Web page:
So the rep should always be looking to resolve any problems or issues that a customer might have, even if they’ve contacted you about something trivial. This way of thinking also ensures that a customer service rep remains positive in even the most challenging of circumstances, such as when a customer has a complaint. Customers that are frustrated and angry almost always take it out on the service rep – so rather than them thinking negatively when this happens – ‘this customer is so unreasonable’ ‘what do they want from me’ etc. – the rep will be focused on how they can come out of it like a winner.
Simple, yet effective.
Foster a Good Company Culture
The culture in which we work has an effect on the job we do no matter who we are, skilled or unskilled, management or front line staff. If you want your customer service staff to have the right mindset for dealing with your customers, then it’s necessary to create it. A positive working environment, where everyone is happy, will go much further to getting your reps into the right frame of mind than any training will.
Ideally, your employees should:
- Have access to further training and development
- Have the opportunity to further their career by working with you
- Be set goals and allowed to enter into healthy competition
- Have the authority to deal with customer complaints on the spot
- Have the tools they need to carry out their job effectively and efficiently
- Feel valued by management and coworkers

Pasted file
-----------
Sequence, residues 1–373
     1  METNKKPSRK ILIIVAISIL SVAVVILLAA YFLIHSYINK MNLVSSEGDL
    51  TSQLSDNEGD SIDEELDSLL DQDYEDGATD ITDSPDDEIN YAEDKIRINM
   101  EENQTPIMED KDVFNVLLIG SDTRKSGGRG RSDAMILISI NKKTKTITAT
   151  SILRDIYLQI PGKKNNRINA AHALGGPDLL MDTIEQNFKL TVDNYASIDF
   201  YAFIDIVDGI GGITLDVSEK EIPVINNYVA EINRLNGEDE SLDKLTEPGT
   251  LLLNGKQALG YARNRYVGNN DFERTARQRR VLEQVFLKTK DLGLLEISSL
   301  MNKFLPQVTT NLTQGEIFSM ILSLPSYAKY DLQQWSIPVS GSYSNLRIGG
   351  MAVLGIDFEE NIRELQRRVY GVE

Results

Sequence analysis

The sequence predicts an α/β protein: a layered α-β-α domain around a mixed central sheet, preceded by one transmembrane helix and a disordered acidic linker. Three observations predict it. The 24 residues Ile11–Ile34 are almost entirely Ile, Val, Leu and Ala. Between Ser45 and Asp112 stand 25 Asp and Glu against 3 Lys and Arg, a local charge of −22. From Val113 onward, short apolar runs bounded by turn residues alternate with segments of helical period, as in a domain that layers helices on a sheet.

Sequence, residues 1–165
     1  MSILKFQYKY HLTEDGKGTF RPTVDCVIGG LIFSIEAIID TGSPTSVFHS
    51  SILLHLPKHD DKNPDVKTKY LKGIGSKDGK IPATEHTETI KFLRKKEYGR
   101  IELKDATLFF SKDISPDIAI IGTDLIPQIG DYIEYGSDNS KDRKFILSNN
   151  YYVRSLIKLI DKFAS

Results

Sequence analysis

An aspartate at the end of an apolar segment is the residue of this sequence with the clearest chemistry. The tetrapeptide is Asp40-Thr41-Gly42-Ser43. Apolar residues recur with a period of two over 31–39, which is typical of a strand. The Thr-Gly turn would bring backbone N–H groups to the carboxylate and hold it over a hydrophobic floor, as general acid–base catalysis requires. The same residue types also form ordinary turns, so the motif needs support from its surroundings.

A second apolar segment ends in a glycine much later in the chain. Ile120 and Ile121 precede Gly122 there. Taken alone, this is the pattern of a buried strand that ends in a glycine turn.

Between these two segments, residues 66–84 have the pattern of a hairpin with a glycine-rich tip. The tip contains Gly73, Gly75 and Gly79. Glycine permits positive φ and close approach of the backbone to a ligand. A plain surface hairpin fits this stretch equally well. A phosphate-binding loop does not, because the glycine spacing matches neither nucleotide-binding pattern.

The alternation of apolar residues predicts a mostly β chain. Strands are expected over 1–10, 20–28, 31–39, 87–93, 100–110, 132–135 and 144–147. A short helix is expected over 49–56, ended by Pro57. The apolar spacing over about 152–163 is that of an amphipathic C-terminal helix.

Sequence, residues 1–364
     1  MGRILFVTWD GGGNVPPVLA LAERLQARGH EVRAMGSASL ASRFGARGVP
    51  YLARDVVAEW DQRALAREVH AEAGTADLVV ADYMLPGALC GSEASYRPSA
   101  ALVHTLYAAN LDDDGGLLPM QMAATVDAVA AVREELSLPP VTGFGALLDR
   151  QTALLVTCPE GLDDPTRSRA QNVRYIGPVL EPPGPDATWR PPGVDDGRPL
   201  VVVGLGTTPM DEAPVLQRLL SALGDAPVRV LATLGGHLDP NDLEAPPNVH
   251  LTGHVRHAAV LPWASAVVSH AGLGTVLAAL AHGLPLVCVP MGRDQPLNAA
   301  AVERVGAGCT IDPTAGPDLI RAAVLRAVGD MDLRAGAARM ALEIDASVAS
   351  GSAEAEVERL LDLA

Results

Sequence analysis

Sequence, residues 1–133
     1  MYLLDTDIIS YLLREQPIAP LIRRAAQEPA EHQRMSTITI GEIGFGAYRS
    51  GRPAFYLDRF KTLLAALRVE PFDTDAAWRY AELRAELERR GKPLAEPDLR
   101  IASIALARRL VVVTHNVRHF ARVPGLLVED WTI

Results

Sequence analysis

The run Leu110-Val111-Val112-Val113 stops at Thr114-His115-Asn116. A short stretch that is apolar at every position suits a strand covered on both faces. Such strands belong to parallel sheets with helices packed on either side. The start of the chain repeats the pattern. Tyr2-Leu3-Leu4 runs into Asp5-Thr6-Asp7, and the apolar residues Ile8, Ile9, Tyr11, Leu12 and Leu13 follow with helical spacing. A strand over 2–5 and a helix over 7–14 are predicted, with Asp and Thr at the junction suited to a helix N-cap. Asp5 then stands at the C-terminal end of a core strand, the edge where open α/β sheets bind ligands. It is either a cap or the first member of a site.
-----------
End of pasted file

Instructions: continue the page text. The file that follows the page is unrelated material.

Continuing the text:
No matter what the size of your business, ongoing training and development should always be a central part of it if it’s to grow and flourish. It’s not necessarily the case that you should always be able to offer promotion either. Your staff should have the opportunity to further their career even if it isn’t with you in the long term (although it’s desirable, obviously). Creating a healthy company culture where staff learn and flourish will also help you to attract and retain top talent.
Customer service is a tough job and it’s not particularly easy to get everything right. However, promoting and fostering a positive mindset is vital and to do this, it’s necessary to put the right training in place and to ensure that the workforce is happy overall. A happy worker is one that’s much more inclined to show the empathy that good customer service needs so it’s up to you, the business owner, to ensure that you create the right environment for your staff to carry out their job effectively.